SR: Many people actually do both. Especially fans of a particular genre or author. In the early days, print publishers were afraid that the audiobook industry would cut into their market, but history has not supported that. Audiobooks are ideal for students, for the elderly, for commuters (around 60% of the market), and a lot of others. As for the attitude that listening to a book is somehow a second-hand or non-genuine experience, the fact is that many of the best writers are meant to be heard out loud.
JJA: Aside from commercial considerations, what factors influence your decision to adapt a work into audio format?
SR: Unfortunately, those "commercial considerations" all too often outweigh others. The key, though, has to be whether or not the book will be understandable, and, ideally, whether the consumer's experience of it will be enhanced by listening.
JJA: Other than a pleasant reading voice, what qualities do you look for in an audiobook performer?
SR: Some of the best readers don't necessarily have voices that could be termed pleasant. What is needed is for the reader to be compelling. The listener needs to be drawn into the narrative. So the reader has to be a great storyteller, someone we want to believe, someone we trust.
JJA: You seem to work with a certain stable of performers—what is it about them that makes you use them again and again?
SR: What I just said. I trust them. I believe them when they talk. And they take me places I want to go. This applies to celebrities like Theo Bikel [listen], David Birney [listen], Robert Forster [listen], John Rubinstein [listen] and Jean Smart [listen] (a few of my faves) as well as to those terrific readers unknown outside of the industry.
JJA: How do you go about choosing the reader that performs each audiobook?
SR: The reader (or readers, in the case of multi-cast productions) has to be able to master the tone of the book.
JJA: What are your feelings about authors who read their own audio adaptations?
SR: In general, I feel that authors of fiction should stay away from narration, but that many non-fiction writers, especially in the self-help area, are great. There are exceptions, of course. Orson Scott Card is a fine reader. Harlan Ellison [listen] is a brilliant performer who augments any work he reads, whether it's his own or someone else's. Sharyn McCrumb [listen] brings such a wealth of Appalachian authenticity to her narration that I cannot imagine anyone doing quite as well. And there are others, of course.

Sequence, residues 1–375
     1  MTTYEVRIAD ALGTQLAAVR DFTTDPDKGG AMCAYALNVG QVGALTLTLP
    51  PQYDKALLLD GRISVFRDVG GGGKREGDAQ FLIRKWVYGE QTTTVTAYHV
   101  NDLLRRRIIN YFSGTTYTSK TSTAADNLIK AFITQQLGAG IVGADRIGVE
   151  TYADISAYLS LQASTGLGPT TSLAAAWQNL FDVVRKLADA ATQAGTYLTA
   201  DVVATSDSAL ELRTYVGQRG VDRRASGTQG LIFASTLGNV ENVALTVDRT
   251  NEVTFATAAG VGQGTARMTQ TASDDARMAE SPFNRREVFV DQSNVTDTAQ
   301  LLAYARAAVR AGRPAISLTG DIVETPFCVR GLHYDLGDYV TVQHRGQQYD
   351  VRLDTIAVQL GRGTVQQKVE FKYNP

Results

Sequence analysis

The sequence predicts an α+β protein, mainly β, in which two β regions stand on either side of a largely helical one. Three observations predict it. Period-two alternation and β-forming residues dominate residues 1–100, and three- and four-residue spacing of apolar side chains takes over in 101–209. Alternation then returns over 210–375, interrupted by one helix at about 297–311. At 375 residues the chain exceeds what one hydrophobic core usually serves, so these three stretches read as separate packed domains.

JJA: When the author is not the reader, how involved is he or she in the recording process? The backs of audiobooks always say "This abridgement has been approved by the author." Is that the extent of an author's involvement, or does the he or she have other responsibilities as well?
SR: Besides abridgment approval, it's extremely rare for an author to have any direct involvement in the audiobook. Sometimes, for certain authors, there is reader approval, or, more likely, reader consultation, but most publishers will avoid this as it will often slow down the production process significantly. Also, many authors don't really care. So much for the industry hard line answer. For my part, I like to have the author as involved as possible...it avoids later problems. Pronunciation issues especially. When I produce a book by Ursula K. Le Guin, for example, we'll have a phone conference in advance of recording, going over every strange word she has invented. These sessions are an opportunity for me to gauge the author's true intentions and the ultimate tone of the work.
JJA: Why don't you take us through the audiobook adaptation process step by step.
SR: Format decisions first—to abridge or not. Then casting. Most books require some degree of producer prep and research at this point...tricky pronunciations at the very least. Then recording, on average taking double the final length, so a ten hour book would be budgeted for twenty hours in the studio. Then a first edit or assembly, which comes back to the producer who makes notes regarding pacing, nuance, etc. Then mastering...the final polish. Masters then go through a further series of QC (quality control) steps, the complexity of which varies by publisher and producer, ending up with a test copy from the duplicator, followed by mass duplication, packaging and shipping. It's a process that can take anywhere from three months down to two weeks in exceptional rush cases.
JJA: When a book is abridged for adaptation, what sort of material is cut?
SR: Depends on the book. Some books are driven by story, so the plot has to be intact. Others are character driven, so plot points are not as essential. Others still are dominated by mood or a particular literary tone. What goes away in an abridgment, ideally, is what is not essential to the author's style, while what's left retains the core elements of that particular book.